Over the years, the US-China competition has helped China emerge as a new force in the technology war. Up to now, the way to win this war of both sides has gradually been revealed.
The US approach seems to focus on two consistent strategies of preventing China’s access to advanced technology and increasing the investment budget in domestic capacity.
Last week, the US National Security Council on Artificial Intelligence released a report showing how the United States should compete in this area. The council, led by former Google chairman Eric Schmidt, reports that the administration should focus on export management and investment oversight to protect key technologies, while investing $ 40 billion to open wide range of government technology research and development programs.
In addition, the US strategy is also evident in the country’s efforts last week to prevent China from accessing technologies that could be developed beyond America’s borders. The administration of the new US President Joe Biden has been revealed that it is planning to rally allied countries to confront China in key areas such as microprocessors and quantum computers.
Still, the US strategy did not surprise Beijing too much. China’s lawmakers have watched closely since the US imposed a ban on Huawei, one of China’s top tech companies. Indeed, since October 2020, China has come up with the national strategy of technology self-sufficiency.
Of course, “self-sufficient” is easier said than done. The biggest obstacle that China must overcome is the semiconductor industry. China not only loses to the US in the ability to develop microprocessors, but also depends heavily on components from the US to serve the production process.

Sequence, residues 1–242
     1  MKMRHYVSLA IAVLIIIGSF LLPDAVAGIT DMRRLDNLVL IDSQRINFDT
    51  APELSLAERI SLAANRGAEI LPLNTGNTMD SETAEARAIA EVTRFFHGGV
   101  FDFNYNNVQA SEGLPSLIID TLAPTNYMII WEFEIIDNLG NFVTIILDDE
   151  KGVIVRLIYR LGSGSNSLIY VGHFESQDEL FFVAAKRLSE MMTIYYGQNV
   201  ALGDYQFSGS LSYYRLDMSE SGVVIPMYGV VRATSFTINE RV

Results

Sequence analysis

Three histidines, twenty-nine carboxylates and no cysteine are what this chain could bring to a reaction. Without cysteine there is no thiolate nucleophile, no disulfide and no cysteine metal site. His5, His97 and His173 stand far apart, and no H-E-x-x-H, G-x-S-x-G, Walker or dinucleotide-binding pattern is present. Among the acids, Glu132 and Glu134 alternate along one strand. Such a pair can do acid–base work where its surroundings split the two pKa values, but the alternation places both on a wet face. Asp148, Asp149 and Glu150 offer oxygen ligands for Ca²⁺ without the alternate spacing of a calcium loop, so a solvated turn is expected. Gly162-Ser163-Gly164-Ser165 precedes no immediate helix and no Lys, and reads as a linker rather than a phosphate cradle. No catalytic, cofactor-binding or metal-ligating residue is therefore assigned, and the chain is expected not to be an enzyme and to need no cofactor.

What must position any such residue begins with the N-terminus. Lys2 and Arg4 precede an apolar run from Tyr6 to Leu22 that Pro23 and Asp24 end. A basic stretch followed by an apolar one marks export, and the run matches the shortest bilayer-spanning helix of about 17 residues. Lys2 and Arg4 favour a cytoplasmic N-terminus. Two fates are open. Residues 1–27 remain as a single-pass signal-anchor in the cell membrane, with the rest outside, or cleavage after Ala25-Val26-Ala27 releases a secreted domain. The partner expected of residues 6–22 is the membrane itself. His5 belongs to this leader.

While it is not yet clear how Beijing will respond to this obstacle, some evidence suggests that China has outlined several paths. With the semiconductor industry, China will find ways to extend the time as possible, while investing heavily in the development of next-generation microprocessors in the hopes of spurring domestic companies to thrive.
The Chinese parliament is set to meet next week in Beijing. At this meeting, the leaders of the country will work out the development strategy for the next 5 years. At the opening ceremony on Friday, Chinese Prime Minister Li Guoqiang outlined steps for China to become a technology powerhouse, including the establishment of many national-level research labs and development centers. .
The National Assembly session opened with a cautious speech from the prime minister. Beijing has set a 2021 economic development target of over 6%. 2.3% faster than the 2020 average growth rate and on par with the growth rate in 2019 before the Covid-19 pandemic. But China’s proposed figure is much lower than expected. A Bloomberg survey of economists on China’s GDP growth forecast for 2021 came up with 8.4%. However, because there are still too many uncertainties about the global trade situation as well as US-China relations in the coming time, it is quite easy to understand when China sets the target below expectations.
Hong Kong government